If an executive, for instance, asks a team member to create a board presentation for them, they could specify that the team member must create a presentation in PowerPoint that contains at least ten slides and that each slide must have a visual element as well as text and must relate directly to the organization’s 5-point plan. They could also agree that the presentation should be peer reviewed; and proofread, if at all possible, by another member of the team. Furthermore, the presentation could contain extra background information in an appendix, but that’s really not critical. Finally, the presentation will not be provided in printed format.
After having agreed the MoSCoW requirements of the task, they should also discuss how often they will touch base with one another. Candidly agreeing with regular touch points is important because it will help people to not feel micro-managed.
Collaborative planning creates buy-in and commitment
Another example from the world of project management that can be of great benefit to senior managers is to be more collaborative in their approaches – for instance, when they need to solve a problem or produce a plan for an operational activity or for a project. One of the mistakes that most managers make when producing a solution or a plan, is that they create it on their own. They do perhaps get some input and may also ask people to comment on it or review it at the end. But they aren’t creating it in a collaborative manner. The result is a solution or a plan that few people buy into because they haven’t been part of creating it and because they don’t have any skin in the game. This forces the manager to use a push approach to get work done and to be directive because the team isn’t intrinsically motivated.
The alternative is to get all the key players to collaborate right from the outset – that’s everyone who will be involved in executing the work. The best way is for the manager to organize a workshop – or at least ask someone else to facilitate it on his behalf. The idea is to create a forum where team members are invited to contribute and to be part of the process. Far too often do managers believe that collaboration is the same as simply working with other people. But true collaboration is about sitting at the same table and jointly producing an outcome that works for everyone. That’s by far the best way to gain buy-in and commitment for something.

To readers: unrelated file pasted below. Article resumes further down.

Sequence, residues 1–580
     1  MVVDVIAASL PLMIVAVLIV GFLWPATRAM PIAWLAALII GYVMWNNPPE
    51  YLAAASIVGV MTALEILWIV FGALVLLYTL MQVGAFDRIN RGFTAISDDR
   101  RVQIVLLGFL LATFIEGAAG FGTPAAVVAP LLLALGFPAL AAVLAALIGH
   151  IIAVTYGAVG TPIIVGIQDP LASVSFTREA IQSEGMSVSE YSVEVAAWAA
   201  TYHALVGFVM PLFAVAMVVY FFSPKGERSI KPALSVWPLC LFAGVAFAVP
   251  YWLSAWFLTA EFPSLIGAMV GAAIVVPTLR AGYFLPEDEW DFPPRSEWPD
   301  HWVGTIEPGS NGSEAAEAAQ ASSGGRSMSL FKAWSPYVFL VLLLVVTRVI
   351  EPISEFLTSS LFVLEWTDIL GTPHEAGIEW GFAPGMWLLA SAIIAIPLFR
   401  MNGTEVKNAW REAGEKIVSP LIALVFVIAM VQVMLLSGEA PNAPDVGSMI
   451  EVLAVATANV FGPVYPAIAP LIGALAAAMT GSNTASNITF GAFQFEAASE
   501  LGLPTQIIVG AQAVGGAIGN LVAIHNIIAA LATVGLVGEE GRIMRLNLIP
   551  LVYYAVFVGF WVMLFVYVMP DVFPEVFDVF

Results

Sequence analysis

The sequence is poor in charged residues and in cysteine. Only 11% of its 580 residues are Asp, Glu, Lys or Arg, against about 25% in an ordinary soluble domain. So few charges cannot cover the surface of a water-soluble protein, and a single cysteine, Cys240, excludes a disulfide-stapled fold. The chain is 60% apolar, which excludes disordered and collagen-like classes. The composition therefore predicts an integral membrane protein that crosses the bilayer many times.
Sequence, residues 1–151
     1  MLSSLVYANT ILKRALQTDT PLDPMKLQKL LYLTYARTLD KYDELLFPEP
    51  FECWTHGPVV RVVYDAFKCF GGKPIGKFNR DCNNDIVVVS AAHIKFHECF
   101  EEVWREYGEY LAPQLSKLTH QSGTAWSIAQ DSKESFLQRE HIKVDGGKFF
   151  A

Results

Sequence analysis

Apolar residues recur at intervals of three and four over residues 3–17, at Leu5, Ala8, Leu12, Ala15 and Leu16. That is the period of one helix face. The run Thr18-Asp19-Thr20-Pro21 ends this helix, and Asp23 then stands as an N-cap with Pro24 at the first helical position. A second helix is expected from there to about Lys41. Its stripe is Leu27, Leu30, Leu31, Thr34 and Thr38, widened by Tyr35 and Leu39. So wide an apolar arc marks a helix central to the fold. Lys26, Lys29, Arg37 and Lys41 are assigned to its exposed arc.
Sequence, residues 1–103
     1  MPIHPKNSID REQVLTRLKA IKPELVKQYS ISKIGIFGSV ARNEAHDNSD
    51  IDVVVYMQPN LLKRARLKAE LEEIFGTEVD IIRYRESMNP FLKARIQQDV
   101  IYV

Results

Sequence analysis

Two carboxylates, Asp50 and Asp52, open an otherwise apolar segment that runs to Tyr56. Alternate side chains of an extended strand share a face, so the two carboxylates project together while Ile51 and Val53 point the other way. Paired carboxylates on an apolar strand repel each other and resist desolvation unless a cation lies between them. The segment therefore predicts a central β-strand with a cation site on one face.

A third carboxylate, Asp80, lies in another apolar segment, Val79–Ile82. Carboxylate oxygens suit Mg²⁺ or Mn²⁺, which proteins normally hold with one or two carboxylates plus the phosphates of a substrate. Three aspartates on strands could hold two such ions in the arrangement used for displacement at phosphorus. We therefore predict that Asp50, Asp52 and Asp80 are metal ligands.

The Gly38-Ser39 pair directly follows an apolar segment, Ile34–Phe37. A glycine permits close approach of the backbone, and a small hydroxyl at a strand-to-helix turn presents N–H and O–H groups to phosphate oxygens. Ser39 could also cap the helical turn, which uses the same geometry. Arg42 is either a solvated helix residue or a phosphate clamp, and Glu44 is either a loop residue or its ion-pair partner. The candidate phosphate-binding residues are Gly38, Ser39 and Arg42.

The last example I will share is that in project management training, we spend a lot of time understanding how to best communicate with different types of stakeholder personalities and what it takes to motivate the team. This is certainly something that’s highly relevant to senior leaders too. Surveys show that a large part of the workforce feels disengaged and that managers aren’t sufficiently skilled at understanding the people who work for them. In a similar way to how we map out and analyze stakeholders in a project environment, senior leaders could benefit from mapping out and analyzing their staff with the aim of producing strategies for how to better engage and motivate them.
Some of the questions that senior leaders need to ask during this process are: What’s in it for my team? What would make each person come to work even if they didn’t get a salary for it? What would people like more of and less of in their daily work? How can we celebrate our achievements better? Who do I need to spend more time with? How can I make people feel that their contributions are valued?
In answering these questions, leaders need to be careful not to guess the answers, but to have one-to-one conversations with people where they ask open questions and truly listen to their teams.
Teaching project management skills to people who aren’t full-time project managers is becoming increasingly popular. Change is happening in all corners of a business and people need to be equipped to lead projects irrespective of their role or level of seniority. Not only does operational staff find that project management can help them with problematic areas relating to scope, schedules, and disengaged team members, they also indicate that senior managers and leaders inside the organization would benefit from this kind of training, too. In particular, senior leaders could learn from being more specific about the work they delegate, being truly collaborative in their approaches, and understanding how to fully engage and motivate their teams.
Consultant and Trainer, International Institute for Learning
Susanne Madsen is an internationally recognised leadership coach and mentor for project and change managers. She has partnered and founded the Project Leadership Institute, which runs leadership programmes to help project managers become better leaders in the workplace.
Susanne is also an award-winning author of “The Power of Project Leadership“, which is now in its second edition, and is described as “a must-read for everyone in the project world”.
Susanne is known for developing leadership development programmes globally and has worked with many high-profile companies such as JP Morgan, Citigroup, Philips, BAM and NXP to name just a few. Visit her website at https://www.susannemadsen.co.uk.
Disclaimer: The ideas, views, and opinions expressed in this article are those of the author and do not necessarily reflect the views of International Institute for Learning or any entities they represent.